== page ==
Crossposted from Colorado Media Project on Medium.
By Nancy Watzman & Stephanie Snyder
Over the past several weeks, a network of interviewers has been sitting down one-on-one with Coloradans to learn about what they’d like to see from arts and culture news coverage in the state. What excites them about the arts scene? How do they get their information? What prevents them from enjoying the arts as much as they’d like?
Our team has conducted nearly three dozen interviews so far. Our subjects range in age from 18 to 76, come from different racial and ethnic backgrounds, and hail from across Colorado – from Pueblo to Denver to Grand Junction. Here are some themes that are emerging:
Members of minority groups don’t feel that their experiences and interests are reflected in traditional media;
People crave a one-stop shop for comprehensive information about arts and culture events in the state;
Social media is a major source of information, but isn’t meeting the craving for deeper information about arts and culture;
Cost of arts and cultural events creates a barrier for many people.
With support from the Bonfils-Stanton Foundation, Colorado Media Project has been working with Rocky Mountain PBS, Colorado Public Radio/Denverite, other news organizations, and arts and culture groups to gather these interviews as part of our research, which should lead toward helping news organizations better serve communities. CMP is partnering with Hearken, which helps newsrooms better connect to audiences by engaging with communities and learning what they need. We’re still gathering these interviews through August 31, and you can help – directions are at this link.
Along the way, our interviewers – largely staff or volunteers with our media partners – are finding that the intense 30-minute conversations are changing the way they are thinking about their own work.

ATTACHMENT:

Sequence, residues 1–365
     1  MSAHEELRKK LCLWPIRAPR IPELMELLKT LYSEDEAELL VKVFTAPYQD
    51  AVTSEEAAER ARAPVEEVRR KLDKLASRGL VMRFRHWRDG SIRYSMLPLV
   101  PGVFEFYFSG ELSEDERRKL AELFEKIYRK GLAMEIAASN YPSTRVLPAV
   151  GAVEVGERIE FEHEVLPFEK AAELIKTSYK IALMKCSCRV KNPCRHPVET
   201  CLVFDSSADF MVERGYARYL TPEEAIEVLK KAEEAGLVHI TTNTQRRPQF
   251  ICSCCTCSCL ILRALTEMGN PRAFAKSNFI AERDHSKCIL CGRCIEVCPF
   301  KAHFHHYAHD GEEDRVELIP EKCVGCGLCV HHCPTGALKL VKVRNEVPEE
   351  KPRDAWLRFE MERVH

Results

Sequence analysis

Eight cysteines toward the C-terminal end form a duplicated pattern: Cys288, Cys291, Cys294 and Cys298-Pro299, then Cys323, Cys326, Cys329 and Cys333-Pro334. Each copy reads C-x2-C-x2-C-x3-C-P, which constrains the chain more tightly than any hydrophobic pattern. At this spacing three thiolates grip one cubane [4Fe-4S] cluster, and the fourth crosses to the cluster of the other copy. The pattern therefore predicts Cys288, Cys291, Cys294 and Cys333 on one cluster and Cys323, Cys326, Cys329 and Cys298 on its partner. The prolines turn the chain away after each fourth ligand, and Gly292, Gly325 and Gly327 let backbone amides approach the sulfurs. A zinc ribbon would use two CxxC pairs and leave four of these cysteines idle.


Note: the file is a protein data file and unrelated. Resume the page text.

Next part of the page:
These interviews have given me some great new ideas and a useful tool for community listening that I’ll likely draw on in the future. –Brooke Collins, Rocky Mountain PBS.
“These interviews got me thinking about how we could better use our content to fill a need,” says Brooke Collins, an engagement specialist with Rocky Mountain PBS. “People I talked to spoke about wanting more kids theater from all organizations – large and small. Could we think about using PBS Kids screenings to provide more children’s theater opportunities? Maybe!”
“Overall, these interviews have given me some great new ideas and a useful tool for community listening that I’ll likely draw on in the future.”
Gil Asakawa, who has been advising CMP on diversity, equity, and inclusion, says his interviews with Latinos, African American, and Asian community members are revealing: “I was struck by how each person valued the arts and culture of their ethnic identities and often found mainstream media to be lacking in covering those events and people.”
The interviews will be put to practical use. Along with the data gleaned from these conversations, CMP will be working with Hearken to integrate analysis of a survey of 2,000+ Coloradans recently conducted by Corona Insights. This information will inform a series of community meetings later this year aimed at helping news organizations design new ways to reach and better serve people when reporting on arts and culture. CMP will make research and data publicly available, so we can all learn from this work.
We’re all busy. Finding time to sit down for a half hour and talk intensely about a subject like arts and culture may seem like a luxury. But having conducted these interviews ourselves, we can report that it’s a pleasure to carve out time for such meaningful conversations. And the more people we talk to, the better the information we’ll have. Please consider conducting one or more of these interviews before August 31.
And stay tuned for what’s next.
Nancy Watzman is director of Colorado Media Project. Stephanie Snyder is industry growth and innovation lead for Hearken.